During her first year as chief executive of Yahoo, Marissa Mayer made big strides in changing the company’s culture. But reversing Yahoo’s declining revenue is turning out to be a far stiffer challenge.
The difficulty was underscored Tuesday, when Yahoo reported that revenue from the company’s two primary moneymakers — display and search advertising — fell sharply in the second quarter.
Since arriving from Google last summer, Ms. Mayer has reversed a decline in Internet traffic, and she has tried to improve employee morale by offering new smartphones and free food in the cafeteria. She also helped start a national debate about flexibility and efficiency in the workplace by ending Yahoo’s work-from-home policy. But perhaps more important, Ms. Mayer, 38, has shown that she can move quickly and decisively in executing her plan to improve the company’s fortunes.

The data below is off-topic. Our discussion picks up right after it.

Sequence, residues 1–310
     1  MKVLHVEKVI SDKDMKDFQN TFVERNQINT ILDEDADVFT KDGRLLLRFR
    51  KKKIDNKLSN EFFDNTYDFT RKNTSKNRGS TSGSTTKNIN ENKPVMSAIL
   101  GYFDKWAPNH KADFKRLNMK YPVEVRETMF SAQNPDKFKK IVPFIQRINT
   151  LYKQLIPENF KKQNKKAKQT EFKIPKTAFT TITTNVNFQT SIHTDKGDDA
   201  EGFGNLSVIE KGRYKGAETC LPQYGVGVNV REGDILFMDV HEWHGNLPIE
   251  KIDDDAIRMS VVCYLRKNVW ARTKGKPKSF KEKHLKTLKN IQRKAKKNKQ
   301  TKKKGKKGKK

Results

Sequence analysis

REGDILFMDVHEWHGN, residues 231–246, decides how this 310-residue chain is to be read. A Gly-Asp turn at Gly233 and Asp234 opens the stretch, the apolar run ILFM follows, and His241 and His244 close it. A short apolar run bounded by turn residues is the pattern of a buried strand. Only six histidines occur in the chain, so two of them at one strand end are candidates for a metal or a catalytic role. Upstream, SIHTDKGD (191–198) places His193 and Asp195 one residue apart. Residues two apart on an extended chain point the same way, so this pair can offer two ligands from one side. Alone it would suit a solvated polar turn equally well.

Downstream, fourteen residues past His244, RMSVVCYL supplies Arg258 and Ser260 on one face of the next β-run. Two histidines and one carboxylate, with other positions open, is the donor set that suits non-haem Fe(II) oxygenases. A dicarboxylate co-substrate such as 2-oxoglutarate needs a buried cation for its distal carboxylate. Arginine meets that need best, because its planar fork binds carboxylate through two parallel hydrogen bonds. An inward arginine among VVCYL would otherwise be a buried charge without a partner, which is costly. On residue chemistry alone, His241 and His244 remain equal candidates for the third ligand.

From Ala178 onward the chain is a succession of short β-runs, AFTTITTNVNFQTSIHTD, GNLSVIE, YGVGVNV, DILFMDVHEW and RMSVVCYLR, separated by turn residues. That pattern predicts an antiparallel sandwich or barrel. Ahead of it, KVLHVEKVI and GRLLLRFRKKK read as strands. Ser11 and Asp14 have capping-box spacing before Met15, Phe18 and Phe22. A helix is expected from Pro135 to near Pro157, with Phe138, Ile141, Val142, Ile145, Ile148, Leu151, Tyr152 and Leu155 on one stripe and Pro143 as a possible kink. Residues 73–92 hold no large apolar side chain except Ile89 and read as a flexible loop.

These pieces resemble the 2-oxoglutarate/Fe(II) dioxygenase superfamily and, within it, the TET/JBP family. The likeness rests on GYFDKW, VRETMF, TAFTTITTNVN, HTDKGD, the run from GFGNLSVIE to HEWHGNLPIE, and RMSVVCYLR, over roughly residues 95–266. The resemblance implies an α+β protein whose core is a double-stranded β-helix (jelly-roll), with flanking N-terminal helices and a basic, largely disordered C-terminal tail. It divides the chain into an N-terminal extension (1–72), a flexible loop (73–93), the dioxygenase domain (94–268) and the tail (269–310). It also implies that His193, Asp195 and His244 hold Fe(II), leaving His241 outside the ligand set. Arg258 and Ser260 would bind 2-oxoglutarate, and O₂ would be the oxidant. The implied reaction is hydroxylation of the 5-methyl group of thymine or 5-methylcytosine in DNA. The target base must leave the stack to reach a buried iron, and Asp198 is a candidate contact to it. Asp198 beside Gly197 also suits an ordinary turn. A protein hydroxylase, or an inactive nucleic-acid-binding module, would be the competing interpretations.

“We have made real progress over the last year,” said Ms. Mayer, in a live webcast, emphasizing several products Yahoo released in that period, including new mobile apps, and a redesign for the home page and search. “The people are here. The engine is now up and running.”
Despite the slow ad sales, Yahoo reported that net income in the quarter rose 46 percent from the same period of 2012, to $331 million, or 30 cents a share, primarily on the growth in its investment holdings. Revenue over the same period fell 7 percent, to $1.14 billion, falling slightly short of Wall Street expectations and underscoring the company’s trouble with reviving growth in its core advertising business.
Slowing revenue from advertisement is at the heart of Yahoo’s decline in revenue. And Ms. Mayer’s…